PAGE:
Make Great Pizza At Home!
I was a primitive.
I started out making simple English Muffin pizza, then "graduated" up to the pizza mix in a box. A bread machine moved Michelle and I further up the ladder and we were pretty satisfied for a while, but I longed for the great pizza taste of my youth: NY style thin dough.
We purchased a book on making NY style pizza and it was ok, but not close enough. Then I found the wonderful folks on the forum at Pizzamaking.com and that's when everything changed.
This is a website where the serious aficionados congregate.
It took me about 6 months to really get up to speed on their language and methods but once I did, that's when everything changed. The biggest compliment came from my mother who told me my pizza tasted exactly like the kind my grandfather made so many years ago. High praise indeed.
That doesn't mean that we still don't make English Muffin pizza when the mood hits us. We most certainly do. Nothing like going back to your roots for comfort food.
For mixing tools, I use either a KitchenAid Artisan stand mixer or my newest addition, an Ankarsrum spiral mixer. I moved up to the Ankarsrum because so many posts I had read on Pizzamaking.com and The Fresh Loaf websites told how abusive the KitchenAid was in kneading dough. I'm still getting the hang of the Ankarsrum but I've been getting good results and I am able to make quite the batch of dough at once.
You need good quality ingredients for making great pizza...
For flour, I prefer Bread flour. It has a relatively high protein count, making the crust nice and chewy, plus it can handle the high-heat of my Blackstone pizza oven. When cooked in my regular oven, it takes a little longer but is still damn good.
I've tried many sauces and created a few of my own.
On the pizza forum, I saw frequent mention of "6-in-1" ground tomato sauce and so we deiced to try it. One taste and we were hooked and since then, we haven't looked back. We usually order 2 cases at a time and it will last us for several months before we need to restock.
The true test of any sauce is how it tastes coming straight from the can. We add very little in the way of spices (King Arthur Flour's pizza blend) and sugar (to cut down on acidity) with a pinch of salt (to balance the salt).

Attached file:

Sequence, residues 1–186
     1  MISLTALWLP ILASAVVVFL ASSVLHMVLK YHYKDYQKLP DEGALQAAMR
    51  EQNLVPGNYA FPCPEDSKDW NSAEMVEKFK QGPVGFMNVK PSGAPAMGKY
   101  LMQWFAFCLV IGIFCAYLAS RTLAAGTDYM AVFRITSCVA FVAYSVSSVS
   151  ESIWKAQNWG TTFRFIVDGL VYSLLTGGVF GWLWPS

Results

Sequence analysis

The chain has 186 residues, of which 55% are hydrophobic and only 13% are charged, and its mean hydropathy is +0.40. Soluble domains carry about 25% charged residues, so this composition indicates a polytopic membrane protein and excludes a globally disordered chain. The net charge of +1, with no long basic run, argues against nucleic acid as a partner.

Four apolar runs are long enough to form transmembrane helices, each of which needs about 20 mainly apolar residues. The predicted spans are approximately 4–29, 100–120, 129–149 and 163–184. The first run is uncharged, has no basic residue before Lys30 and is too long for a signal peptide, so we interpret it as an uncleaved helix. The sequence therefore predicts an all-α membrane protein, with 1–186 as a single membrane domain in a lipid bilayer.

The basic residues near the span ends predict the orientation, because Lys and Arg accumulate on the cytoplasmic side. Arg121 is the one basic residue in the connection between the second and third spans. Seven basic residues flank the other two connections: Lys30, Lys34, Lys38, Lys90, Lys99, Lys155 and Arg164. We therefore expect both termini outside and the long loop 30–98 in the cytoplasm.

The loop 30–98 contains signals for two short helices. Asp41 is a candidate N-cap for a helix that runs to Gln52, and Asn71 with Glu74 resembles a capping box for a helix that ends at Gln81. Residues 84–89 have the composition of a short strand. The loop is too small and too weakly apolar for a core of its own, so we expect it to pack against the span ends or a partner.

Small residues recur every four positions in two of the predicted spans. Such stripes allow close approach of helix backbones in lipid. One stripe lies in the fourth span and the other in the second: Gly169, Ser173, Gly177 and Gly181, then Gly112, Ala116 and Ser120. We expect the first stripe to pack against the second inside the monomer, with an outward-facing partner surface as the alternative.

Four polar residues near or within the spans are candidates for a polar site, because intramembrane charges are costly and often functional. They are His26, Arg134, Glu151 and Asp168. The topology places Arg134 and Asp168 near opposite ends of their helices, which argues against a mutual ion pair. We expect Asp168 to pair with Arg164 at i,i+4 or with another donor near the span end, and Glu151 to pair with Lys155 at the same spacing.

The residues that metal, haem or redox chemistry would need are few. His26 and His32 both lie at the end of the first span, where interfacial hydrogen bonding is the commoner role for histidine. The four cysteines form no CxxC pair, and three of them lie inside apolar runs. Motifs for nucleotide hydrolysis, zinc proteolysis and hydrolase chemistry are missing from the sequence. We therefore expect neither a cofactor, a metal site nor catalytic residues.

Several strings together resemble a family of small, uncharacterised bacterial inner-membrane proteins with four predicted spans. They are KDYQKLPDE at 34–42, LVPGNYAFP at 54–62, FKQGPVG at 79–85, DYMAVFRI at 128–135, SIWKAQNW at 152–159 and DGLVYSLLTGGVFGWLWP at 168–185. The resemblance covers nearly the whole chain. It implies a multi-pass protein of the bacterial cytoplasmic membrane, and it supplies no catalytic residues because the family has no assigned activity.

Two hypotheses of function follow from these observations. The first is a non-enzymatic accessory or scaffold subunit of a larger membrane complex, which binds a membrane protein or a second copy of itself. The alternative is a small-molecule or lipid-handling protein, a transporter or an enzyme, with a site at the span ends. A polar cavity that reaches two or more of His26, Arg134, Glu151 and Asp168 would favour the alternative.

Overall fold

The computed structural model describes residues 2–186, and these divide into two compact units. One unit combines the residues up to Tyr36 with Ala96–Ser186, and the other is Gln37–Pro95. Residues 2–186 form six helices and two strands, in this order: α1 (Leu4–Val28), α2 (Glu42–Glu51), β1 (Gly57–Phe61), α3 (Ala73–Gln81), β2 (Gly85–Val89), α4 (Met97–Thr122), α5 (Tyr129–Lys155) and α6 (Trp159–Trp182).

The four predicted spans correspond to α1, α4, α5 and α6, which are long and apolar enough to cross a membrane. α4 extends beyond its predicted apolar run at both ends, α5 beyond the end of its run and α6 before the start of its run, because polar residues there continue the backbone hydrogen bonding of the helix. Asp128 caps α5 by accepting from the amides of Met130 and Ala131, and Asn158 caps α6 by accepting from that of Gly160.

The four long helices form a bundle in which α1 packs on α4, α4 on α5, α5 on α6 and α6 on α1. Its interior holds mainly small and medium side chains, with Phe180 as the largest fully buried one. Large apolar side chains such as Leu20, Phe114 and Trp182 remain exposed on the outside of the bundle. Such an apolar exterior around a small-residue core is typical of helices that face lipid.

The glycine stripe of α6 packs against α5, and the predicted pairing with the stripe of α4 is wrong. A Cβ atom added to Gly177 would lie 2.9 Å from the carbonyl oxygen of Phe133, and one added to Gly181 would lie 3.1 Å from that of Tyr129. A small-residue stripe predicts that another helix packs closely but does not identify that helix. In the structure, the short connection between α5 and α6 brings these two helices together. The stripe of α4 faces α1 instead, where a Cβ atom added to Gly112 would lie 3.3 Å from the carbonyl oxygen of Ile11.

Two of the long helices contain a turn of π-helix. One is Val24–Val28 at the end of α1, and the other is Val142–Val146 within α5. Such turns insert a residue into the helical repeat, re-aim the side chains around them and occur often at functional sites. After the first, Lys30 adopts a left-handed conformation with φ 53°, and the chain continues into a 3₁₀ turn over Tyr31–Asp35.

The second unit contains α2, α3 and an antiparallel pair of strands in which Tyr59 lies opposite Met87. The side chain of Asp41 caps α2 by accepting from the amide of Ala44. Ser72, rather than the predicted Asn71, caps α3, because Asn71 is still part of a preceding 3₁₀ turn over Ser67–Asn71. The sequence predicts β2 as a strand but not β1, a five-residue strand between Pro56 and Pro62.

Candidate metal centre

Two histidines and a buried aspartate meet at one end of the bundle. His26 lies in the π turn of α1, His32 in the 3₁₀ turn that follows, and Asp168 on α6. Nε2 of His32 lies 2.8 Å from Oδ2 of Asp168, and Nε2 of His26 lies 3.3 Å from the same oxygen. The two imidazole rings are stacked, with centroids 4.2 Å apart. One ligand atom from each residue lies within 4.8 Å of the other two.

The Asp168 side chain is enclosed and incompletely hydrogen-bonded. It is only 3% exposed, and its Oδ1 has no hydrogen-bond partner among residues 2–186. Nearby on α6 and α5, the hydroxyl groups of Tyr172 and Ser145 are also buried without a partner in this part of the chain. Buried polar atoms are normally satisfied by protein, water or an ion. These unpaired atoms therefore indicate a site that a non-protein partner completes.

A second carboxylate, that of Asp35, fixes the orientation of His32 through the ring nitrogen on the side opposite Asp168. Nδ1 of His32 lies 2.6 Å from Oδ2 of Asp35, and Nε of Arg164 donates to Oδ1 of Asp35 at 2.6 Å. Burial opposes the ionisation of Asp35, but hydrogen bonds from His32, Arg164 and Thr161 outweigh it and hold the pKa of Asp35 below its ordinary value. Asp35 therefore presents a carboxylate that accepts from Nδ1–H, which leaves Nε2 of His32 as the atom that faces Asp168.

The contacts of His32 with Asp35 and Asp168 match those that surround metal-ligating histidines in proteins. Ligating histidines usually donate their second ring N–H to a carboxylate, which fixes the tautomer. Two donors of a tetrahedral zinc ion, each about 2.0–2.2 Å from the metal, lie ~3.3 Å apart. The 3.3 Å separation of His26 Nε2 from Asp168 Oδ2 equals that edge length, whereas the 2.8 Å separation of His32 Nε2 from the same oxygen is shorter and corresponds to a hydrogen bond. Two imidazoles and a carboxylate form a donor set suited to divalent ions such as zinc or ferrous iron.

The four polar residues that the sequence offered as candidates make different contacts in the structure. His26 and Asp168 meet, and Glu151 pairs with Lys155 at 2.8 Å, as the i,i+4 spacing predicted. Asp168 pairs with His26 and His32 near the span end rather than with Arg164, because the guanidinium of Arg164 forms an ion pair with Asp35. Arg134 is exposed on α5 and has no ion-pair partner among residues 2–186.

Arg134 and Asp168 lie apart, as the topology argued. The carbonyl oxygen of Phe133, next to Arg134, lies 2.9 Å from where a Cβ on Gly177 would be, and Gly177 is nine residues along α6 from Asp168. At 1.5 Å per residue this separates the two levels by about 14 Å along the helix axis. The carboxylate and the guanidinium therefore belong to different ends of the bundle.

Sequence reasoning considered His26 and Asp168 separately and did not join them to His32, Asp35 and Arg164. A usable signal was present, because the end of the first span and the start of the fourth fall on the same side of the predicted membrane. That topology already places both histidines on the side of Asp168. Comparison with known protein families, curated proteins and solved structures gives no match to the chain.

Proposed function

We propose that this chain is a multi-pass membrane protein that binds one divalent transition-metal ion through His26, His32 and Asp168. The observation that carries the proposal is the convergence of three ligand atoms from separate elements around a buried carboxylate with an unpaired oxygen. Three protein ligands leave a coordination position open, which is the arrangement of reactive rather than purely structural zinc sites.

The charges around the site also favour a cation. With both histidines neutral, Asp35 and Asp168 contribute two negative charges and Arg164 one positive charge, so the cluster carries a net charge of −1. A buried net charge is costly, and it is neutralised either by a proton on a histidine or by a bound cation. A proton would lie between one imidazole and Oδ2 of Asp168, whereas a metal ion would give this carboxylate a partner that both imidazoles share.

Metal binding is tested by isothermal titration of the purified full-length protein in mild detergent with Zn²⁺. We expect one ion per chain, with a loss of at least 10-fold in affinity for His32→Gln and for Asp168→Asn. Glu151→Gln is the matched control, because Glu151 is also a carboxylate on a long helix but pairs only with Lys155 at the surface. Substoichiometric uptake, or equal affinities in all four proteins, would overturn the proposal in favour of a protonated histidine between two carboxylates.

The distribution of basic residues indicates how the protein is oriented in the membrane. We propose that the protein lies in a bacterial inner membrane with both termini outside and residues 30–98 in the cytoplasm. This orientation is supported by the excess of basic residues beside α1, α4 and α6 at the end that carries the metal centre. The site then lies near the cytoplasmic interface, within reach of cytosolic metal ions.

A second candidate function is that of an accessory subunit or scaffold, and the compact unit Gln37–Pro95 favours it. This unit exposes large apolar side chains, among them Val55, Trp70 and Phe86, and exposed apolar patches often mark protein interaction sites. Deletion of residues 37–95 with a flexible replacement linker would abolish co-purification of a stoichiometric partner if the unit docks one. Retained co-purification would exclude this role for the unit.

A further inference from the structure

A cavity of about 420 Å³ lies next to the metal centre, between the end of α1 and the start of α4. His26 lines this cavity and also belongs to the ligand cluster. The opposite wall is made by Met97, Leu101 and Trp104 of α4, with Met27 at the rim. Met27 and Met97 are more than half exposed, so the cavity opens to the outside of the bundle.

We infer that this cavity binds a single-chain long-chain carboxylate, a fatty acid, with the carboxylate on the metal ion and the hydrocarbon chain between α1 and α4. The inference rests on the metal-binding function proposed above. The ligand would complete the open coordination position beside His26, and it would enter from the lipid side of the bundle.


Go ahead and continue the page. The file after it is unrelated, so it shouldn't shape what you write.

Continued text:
I want that chewy, stringy cheese so we use mozzarella cheese.
Ok, if you are using pre-shredded mozzarella cheese sold in the bags, stop and switch to whole-milk mozzarella cheese. The pre-shredded stuff is coated with corn starch to keep it from clumping together and that interfere with how the cheese melts. To the point that in comparison, it almost tastes like rubber.
Use a baking stone to get that nice crisp bottom on the crust. There is also a baking steel (heavy as hell) or in a pinch, take a standard flat baking pan and flip it upside down.
The vast majority of people making pizza at home, bake it in a regular consumer oven. Usually 425° F for about 20 minutes.
The problem is that at the most, they only get up to 550° F, but by using 2 pizza stones on different racks, and using the broiler for brief periods of time, we can reach even higher temperatures.
Us? We're nuts and purchased a Blackstone Pizza Oven (no longer for sale by Blackstone. Morons) and that gets up to 1000° F. I find a good temp around 650-725° F for 2-3 minutes gets us the pizza we want.
I imagine we will be building a brick oven at some point in the future.
With a room temperature rise (RT Fermentation) you can have your pizza (from ingredients to slice) in as little as 2 1/2 hours. This will deliver a good pizza that is sure to satisfy.
The real secret is in having a long cold fermentation by placing the dough in an airtight container and having it in the refrigerator. The vast majority of pizzerias will do a 24 hour cold fermentation to increase taste and texture.
At 48 hours, the dough chemistry changes. The yeast is done consuming the sugar in the flour and is delivering good complex carbohydrates.
3 days seems to be the cut-off when it comes to maintaining a chewy dough. After that, our dough will improve even more in taste. I've gone as long as an 11 day cold fermentation. It didn't have the chew, but it sure tasted great.